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February 20, 2002 Issue of Code Journal
(Back to Code Journal Archive)

Code Journal is a free, biweekly newsletter on programming and computer science provided jointly by and AI Horizon. There is also an archive of all past issues in both HTML and text formats.

This is the February 20th Issue. (If you want a pure text version, go to the text archive of Code Journal.)

CODE JOURNAL: Your Guide to Programming

February 20, 2002

In This Edition:
- Welcome to the Code Journal
- Genetic Algorithms
- Unraveling a Pattern of Strings
- Programming Challenge

Welcome to the Code Journal, a joint venture between and AI Horizon that aims to provide insightful articles on both C++ and algorithmic programming. Code Journal is helpware: in return for reading it, you are asked to help someone else out with their own programming problems. Good luck, and quick compiling.

C/C++ Programming by Alex Allain
Genetic Algorithms

This article will discuss the basic concept of Genetic Algorithms. Genetic algorithms are useful for solving problems having solutions representable as strings (hence the name Genetic Algorithm - the programming model is based on DNA). In terms of practical value, Genetic Algorithms are useful for solving problems in which the solutions are difficult to find by following a set algorithm. It functions as a sort of systematized brute force approach. Problems Genetic Algorithms are valuable for solving include scheduling problems, game AI, and other problems in which stable solutions are difficult to find.

A simple example is finding a five digit number that acts as the best solution to an expression; for example, if you wish to find the number that makes the expression x^2+2x-11 equal to 0, you could of course use brute force to solve the equation, but a genetic algorithm can also be used, and if you have a very complex expression, it may be of great value to use a genetic algorithm, especially when one considers the time saved over brute force. In a sense, all Genetic Algorithm problems boil down to solving complex expressions or sets of expressions, as all problems are representable in that fashion.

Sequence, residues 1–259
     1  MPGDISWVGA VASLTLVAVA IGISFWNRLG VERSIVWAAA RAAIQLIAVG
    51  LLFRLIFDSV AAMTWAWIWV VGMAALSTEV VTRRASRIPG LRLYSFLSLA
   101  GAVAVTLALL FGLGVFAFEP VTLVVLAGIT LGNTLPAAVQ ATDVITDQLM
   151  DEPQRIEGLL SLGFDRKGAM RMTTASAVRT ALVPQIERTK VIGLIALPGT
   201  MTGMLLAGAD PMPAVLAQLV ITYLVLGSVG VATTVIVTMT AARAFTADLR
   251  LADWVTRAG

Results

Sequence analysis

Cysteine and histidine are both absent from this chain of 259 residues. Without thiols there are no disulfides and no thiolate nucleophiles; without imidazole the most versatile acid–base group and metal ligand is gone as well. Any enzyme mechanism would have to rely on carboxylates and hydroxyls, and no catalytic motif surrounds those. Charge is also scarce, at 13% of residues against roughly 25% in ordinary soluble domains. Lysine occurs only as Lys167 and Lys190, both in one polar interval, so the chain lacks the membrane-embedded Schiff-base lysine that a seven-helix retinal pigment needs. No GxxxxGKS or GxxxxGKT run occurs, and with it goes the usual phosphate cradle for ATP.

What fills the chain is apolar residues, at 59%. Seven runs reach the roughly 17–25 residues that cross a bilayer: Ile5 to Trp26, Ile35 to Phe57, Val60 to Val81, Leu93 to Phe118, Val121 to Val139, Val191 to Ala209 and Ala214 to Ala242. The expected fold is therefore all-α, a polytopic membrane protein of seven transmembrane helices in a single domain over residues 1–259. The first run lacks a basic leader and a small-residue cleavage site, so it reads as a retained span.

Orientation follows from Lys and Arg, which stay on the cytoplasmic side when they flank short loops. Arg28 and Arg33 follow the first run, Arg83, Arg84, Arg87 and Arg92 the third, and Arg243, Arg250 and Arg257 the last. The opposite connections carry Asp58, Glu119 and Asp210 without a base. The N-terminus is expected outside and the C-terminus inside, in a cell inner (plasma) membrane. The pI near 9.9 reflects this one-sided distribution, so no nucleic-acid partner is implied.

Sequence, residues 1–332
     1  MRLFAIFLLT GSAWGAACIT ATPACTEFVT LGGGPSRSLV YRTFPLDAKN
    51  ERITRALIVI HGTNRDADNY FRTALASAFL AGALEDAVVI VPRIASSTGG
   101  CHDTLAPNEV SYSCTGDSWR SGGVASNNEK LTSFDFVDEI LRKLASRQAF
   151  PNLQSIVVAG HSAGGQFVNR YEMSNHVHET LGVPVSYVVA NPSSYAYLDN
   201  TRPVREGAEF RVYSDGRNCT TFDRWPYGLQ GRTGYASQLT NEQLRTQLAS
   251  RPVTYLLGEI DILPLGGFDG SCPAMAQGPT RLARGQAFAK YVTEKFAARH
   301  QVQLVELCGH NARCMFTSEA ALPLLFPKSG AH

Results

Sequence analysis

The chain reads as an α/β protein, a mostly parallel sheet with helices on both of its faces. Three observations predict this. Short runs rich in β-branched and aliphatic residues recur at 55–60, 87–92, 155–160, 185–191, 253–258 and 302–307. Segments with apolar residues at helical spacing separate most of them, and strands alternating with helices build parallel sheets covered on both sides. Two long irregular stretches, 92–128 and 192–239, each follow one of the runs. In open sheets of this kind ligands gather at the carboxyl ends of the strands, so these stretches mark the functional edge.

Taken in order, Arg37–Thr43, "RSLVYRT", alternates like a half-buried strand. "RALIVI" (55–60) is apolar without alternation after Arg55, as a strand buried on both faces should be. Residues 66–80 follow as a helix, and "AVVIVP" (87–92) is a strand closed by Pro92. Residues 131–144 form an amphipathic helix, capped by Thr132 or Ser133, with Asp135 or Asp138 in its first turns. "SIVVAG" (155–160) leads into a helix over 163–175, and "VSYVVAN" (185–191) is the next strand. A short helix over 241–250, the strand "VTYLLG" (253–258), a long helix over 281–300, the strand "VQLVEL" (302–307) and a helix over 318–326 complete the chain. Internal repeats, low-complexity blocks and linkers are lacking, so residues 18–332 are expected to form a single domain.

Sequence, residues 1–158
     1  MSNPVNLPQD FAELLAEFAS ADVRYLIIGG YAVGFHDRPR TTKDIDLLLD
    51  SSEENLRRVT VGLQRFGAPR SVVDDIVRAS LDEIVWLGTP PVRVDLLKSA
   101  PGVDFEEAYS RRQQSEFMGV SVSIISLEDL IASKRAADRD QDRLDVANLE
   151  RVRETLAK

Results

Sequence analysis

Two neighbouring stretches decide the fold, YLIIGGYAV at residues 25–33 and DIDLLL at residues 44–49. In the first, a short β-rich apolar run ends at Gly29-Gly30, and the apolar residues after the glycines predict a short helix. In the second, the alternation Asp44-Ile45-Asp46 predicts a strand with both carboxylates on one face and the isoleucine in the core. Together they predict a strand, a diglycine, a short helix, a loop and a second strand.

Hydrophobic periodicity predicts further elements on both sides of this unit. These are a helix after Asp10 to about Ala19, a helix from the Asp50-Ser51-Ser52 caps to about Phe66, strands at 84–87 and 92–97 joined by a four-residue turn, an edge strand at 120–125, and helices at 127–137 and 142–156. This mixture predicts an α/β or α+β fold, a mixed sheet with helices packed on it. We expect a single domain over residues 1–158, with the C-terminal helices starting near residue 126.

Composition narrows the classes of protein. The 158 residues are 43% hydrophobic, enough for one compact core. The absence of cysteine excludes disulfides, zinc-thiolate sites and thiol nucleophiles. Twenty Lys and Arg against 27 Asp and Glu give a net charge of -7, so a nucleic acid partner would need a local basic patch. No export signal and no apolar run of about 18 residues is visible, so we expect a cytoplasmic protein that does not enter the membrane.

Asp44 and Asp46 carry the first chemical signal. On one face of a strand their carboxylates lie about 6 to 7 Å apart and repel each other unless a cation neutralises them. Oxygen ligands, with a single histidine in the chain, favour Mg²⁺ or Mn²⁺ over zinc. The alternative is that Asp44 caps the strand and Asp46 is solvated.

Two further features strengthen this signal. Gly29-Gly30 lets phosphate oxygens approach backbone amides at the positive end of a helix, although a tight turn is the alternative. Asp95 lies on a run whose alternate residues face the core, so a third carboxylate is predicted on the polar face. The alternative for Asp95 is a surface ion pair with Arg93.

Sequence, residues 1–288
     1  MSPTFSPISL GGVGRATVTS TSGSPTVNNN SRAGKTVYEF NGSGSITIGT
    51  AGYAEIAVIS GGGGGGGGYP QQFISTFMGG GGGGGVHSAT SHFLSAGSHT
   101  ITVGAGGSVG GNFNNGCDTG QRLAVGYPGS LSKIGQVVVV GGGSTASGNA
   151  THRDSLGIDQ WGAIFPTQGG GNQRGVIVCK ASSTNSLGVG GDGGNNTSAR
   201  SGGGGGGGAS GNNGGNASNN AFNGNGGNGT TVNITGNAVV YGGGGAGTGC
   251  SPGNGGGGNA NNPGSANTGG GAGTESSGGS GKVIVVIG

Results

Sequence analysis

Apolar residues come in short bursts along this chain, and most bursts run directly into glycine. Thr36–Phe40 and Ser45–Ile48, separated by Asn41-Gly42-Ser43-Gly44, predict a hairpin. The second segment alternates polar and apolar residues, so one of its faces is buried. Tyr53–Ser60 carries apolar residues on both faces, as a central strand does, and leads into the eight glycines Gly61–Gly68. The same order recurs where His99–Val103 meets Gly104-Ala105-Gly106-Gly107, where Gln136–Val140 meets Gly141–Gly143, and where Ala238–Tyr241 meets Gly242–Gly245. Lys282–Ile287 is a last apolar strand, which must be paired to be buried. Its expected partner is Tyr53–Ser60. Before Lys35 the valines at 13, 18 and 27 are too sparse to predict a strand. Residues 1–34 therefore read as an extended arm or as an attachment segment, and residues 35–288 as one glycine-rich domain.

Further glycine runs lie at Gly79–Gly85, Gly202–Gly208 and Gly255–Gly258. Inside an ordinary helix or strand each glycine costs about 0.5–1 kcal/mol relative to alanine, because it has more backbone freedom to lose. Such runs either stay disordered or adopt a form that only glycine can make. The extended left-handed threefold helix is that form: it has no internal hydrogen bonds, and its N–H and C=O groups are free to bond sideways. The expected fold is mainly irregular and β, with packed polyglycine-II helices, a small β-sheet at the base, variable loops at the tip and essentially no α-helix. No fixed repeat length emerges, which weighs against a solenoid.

Genetic algorithms work from the same basis as evolutionary theory. A genetic algorithm has several components: a pool of solutions, a method of evaluating the effectiveness of each solution, a breeding function that combines the best solutions into new solutions, and a mutation function. The pool of solutions do not compete for resources; rather, each solution is tested by an evaluation function (called the "fitness" function), which then gives it a ranking based on its effectiveness at solving the problem compared to the other solutions.

The best solution strings are the ones that are ranked highest (that are the most "fit"); the breeding function takes two of the better performing solutions and combines them together into a new solution. The breeding function should repeat the process of randomly selecting two solutions and breeding them; the better performing functions should be given the higher percentage chance of being selected.

The breeding function generally works by taking slices of each solution and splicing them together into a new one. Solutions are often represented as strings, so generally, a breeding function will take fragments of random lengths from each string and concatenate them together to form a new string. Each fragment should be placed into the location in the new string that corresponds to its location in the old string. For example, if a string fragment is from positions 5 to 8 in the first string being bred, it should be placed into positions 5 through 8 in the new child solution.

After the strings have been bred, and the set of potential solutions has been refilled, it is important to have the mutation function. The mutation function is important because it introduces an element of randomness that allows variation in the solution sets, which otherwise would stagnate and have no advantage over a hand-crafted solution. Mutations may diminish the strength of some solutions, but in general it will increase the overall value of the solution set; by including a very small mutation rate, you introduce new traits that might never have otherwise existed within the pool.

Alexander Allain is the webmaster of
Contact him at
Algorithms and Programming by Eric Suh
Unraveling Patterns of Strings

Imagine that you are given a large string of text, and you wish to find a certain string that it contains. The text you are searching through is called the master string and the string you are searching for is called the pattern string. Now, there is a simple algorithm, for this search, and then there is an efficient one. The simple one, of course, follows like this:
   Master String:    GGRLGGT...
   Pattern String:   GGT
You see that the first two letters match in this position, but the third R T | character does not. Shift the pattern one character to the right.
   Master String:    GGRLGGT...
   Pattern String:    GGT
Now, the second character in the pattern doesn't match. Shift again.